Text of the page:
Finance Minister Malusi Gigaba will be appealing a judgment by a full bench of the North Gauteng High Court that found he lied about granting permission for the establishment of a private terminal at OR Tambo International Airport while he was minister of home affairs.
Judge Neil Tuchten wrote in his judgment, which was delivered in December: "By telling a deliberate untruth on facts central to the decision of this case, the minister has committed a breach of the Constitution so serious that I would characterise it as a violation."
The court denied Gigaba leave to appeal. He will now make a direct representation to the Supreme Court of Appeal in Bloemfontein.
Gigaba was as dapper as ever when he started to address a press conference on Wednesday ahead of his maiden budget speech, but ended it with a furrowed brow after questions relating to the court judgment and perceptions about his integrity were posed to him.
He denied that he ever agreed to the establishment of the terminal, a request by Fireblade Aviation, a company owned by the Oppenheimer family.
"If there was a decision, an agreement, why did they not implement that decision? We told them to resolve their issues with Denel. We can't say yes because they're the landlord. If they sorted out their issues with Denel then they could have come back. But then they attempt to bully the minister of home affairs to agree to something in a building that is not operated by the department," he said.
#BudgetSpeech2018 Steenhuisen says Speaker Baleka Mbete is "defending State Capture again" by allowing Gigaba to deliver the Budget Speech.— Amil Umraw (@Amil_Umraw) February 21, 2018
Gigaba added "something was amiss" and that "various institutions" would be appealing the matter. He did not want to be drawn on Tuchten's scathing comments about his breach of the Constitution. He also did not answer a question about whether or not he had informed President Cyril Ramaphosa about the judgment.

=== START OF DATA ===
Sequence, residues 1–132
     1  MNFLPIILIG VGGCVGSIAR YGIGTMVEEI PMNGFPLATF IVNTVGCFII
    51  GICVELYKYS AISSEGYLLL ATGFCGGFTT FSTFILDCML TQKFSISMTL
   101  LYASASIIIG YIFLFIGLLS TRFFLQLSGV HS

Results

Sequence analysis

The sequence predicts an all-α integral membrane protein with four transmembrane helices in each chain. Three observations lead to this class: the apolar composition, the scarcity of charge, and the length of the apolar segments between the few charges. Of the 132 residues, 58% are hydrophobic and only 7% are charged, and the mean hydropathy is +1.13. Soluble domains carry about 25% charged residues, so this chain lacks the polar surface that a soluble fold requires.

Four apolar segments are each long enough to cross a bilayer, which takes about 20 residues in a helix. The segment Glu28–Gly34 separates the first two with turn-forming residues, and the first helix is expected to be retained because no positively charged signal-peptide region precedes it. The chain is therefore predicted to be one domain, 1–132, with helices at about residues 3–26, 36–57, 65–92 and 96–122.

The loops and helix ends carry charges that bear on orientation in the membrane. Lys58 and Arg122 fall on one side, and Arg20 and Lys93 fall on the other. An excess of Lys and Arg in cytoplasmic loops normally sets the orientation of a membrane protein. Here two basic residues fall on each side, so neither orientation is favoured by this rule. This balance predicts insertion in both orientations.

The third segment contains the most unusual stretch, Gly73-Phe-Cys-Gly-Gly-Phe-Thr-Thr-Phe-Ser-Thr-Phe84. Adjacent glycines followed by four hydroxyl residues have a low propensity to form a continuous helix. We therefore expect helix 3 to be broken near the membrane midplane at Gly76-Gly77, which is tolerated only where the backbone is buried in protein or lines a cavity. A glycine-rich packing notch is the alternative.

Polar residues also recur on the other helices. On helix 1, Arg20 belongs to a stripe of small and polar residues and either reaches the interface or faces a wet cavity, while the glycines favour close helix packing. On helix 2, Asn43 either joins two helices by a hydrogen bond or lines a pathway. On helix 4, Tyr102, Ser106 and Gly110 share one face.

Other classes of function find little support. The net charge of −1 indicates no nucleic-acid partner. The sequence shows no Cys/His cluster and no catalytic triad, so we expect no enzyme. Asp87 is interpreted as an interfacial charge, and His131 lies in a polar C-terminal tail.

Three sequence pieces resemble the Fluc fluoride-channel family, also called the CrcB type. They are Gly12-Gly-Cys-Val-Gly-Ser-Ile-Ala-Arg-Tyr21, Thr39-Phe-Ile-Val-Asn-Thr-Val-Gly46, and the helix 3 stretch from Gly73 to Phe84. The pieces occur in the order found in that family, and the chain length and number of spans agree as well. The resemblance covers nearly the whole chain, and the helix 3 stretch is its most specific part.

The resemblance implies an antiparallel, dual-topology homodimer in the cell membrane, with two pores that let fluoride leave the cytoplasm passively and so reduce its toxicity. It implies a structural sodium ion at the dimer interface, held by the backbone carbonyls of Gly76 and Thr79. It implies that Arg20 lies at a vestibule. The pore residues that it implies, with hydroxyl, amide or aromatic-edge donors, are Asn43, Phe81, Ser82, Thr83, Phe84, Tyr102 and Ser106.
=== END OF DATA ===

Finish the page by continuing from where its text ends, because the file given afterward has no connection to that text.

Gigaba, who was appointed minister of finance on 30 March 2017 after then-president Jacob Zuma fired Pravin Gordhan, said in reply to a question that he looked forward to present his case to the Zondo commission of inquiry into state capture. He also warned his critics that they would have to be prepared to be disappointed when his role is interrogated.
"What matters aren't untested allegations. The court of public opinion... in fact, it is not a court at all, it just lynches us and perpetrates perceptions. What matters is the little thing of facts and the truth.
"It is an important process which I have supported vociferously from the beginning, I have never minced my words about where I stand. I will answer all the questions about my integrity. The truth will come out. But those that make the allegations must be prepared to listen to the facts."
Gigaba declared his support for Ramaphosa and said his critics mustn't worry about his future.
"It is the president's prerogative, I will support the president whatever he decides. We serve at his pleasure, he appoints, replaces and reshuffles us. I believe in his vision and he needs our wholehearted report support in whatever way he decides to go."